It’s also easy to forget how much recent technological advances have changed us, as Western human beings – how, say, seeing the fall of first one, then the other World Trade Center buildings on our television screens shook Americans’ collective desire to believe that the first was just an accident, even before we knew about two other jetliners that had been simultaneously weaponized by Saudi-born Islamist conspirators; how a nine minute and 29 second bystander video made it possible to watch (over and over!) as Minneapolis Police Officer Derek Chauvin suffocated George Floyd on a Minneapolis city street in broad daylight; how subsequent civilian, dashcam and bodycam footage showing both police and civilian attacks on unarmed citizens across the United States finally shook the comfortable fantasies of White Americans that their Black, brown and Indigenous neighbors enjoyed the same rights to “life, liberty and the pursuit of happiness” that they do; how both social and traditional media continue to bring government and private sector bad acts to light in spite of official suppression or outright censorship, especially in the democratic Western world, but in societies controlled by dictatorships as well.

Unfortunately, in part for technological reasons, it remains possible, in 2022, for some to deny that the Holocaust actually happened a mere 75 years—two generations—ago. Contemporaneous photographic, sound and video evidence is scarce; concentration camp prisoners didn’t beam graphic reports of camp conditions to newspapers, radios or TV stations.  By now, also, living survivors and witnesses are few, many still preferring not to voice memories of their harsh experiences. Sadly, also, generational trauma of European Jews, who by 1933 had only recently escaped pogroms in the Pale of Settlement of Eastern Europe, may have led to denial of any suspicions, let alone reports, either of worse conditions outside the Ghetto or of better conditions elsewhere. (Israel, we remember, was then still a dream, not entirely believable even as it beckoned Zionist youth and adults to hope for a permanent homeland for all Jews in Mandate Palestine.) And once the horrors were ended, the difficulty trauma survivors have in integrating, or even recalling, memories of abuse – part of the condition we now call “post-traumatic stress disorder,” or PTSD—along with the intervening deaths of parents and other family members to whom stories would normally first have been told, all conspired to keep Holocaust stories, if told at all, shared quietly and mostly within survivor families.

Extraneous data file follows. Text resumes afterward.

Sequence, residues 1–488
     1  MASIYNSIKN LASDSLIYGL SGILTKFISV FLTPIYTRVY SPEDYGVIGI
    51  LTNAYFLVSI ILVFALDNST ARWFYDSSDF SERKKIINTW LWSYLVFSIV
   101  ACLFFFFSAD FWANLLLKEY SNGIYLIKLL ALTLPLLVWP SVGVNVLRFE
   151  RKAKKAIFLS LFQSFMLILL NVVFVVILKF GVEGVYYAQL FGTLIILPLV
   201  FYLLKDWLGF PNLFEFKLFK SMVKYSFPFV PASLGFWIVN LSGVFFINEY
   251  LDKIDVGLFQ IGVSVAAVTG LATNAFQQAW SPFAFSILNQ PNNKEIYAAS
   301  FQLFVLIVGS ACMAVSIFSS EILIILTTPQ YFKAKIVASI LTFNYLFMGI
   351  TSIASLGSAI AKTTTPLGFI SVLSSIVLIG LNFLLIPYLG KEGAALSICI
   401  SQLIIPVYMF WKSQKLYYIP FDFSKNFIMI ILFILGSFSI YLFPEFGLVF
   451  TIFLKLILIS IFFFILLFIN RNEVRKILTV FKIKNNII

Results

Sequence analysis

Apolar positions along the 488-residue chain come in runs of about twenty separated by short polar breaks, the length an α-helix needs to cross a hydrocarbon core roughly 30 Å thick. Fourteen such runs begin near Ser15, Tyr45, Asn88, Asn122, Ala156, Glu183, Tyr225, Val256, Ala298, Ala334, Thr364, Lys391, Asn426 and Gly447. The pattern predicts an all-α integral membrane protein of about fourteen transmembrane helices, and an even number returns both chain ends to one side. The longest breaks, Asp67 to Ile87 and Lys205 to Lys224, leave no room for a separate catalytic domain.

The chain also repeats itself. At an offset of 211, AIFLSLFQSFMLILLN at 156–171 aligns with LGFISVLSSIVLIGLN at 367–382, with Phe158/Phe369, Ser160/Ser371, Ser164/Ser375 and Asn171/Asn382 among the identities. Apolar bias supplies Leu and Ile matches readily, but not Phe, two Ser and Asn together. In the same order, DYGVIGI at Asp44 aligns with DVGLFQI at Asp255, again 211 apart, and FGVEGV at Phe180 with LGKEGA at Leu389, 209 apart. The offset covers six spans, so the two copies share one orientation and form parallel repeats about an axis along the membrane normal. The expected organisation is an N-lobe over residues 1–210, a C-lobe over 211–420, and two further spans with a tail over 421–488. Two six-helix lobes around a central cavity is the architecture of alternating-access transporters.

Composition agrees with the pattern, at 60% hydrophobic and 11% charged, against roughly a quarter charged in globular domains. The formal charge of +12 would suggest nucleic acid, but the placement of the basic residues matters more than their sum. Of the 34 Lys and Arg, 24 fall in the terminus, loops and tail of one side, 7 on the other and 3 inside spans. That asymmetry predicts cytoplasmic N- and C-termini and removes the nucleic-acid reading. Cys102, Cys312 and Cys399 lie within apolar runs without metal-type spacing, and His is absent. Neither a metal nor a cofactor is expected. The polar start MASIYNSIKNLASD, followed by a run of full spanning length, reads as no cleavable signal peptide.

Krystyna (Act I) and Gad (Act II) were, moreover, both resisters against the atrocities happening around them – the one becoming a political prisoner at Auschwitz, the other risking his life to protect Nazi targets in Berlin. Every moment of torture, every death—of friends, family, even of strangers—must have felt, to them, like personal failure, every glimpse of joy an undeserved self-indulgence. Indeed, once the war ended, the historical Zywulska for years declined discussion of her Auschwitz-era songwriting, fearing that it would be misunderstood by those who had not lived the experience of her fellow prisoners and herself.

The stories in Two Remain resonate through the years and miles to remind us of the eternal importance of love, of trust, and of hope. Courageous to the end, these survivors confront the difficulty, even impossibility, of revisiting stories of trauma, even years after the trauma is past. Through them, may we be enveloped in compassion, not only for those who died at Nazi hands, but for those others who loved, but were unable to save, them; indeed, for all who suffer under tyranny, whether nearby or far away.

– Patricia McMillen, Dramaturg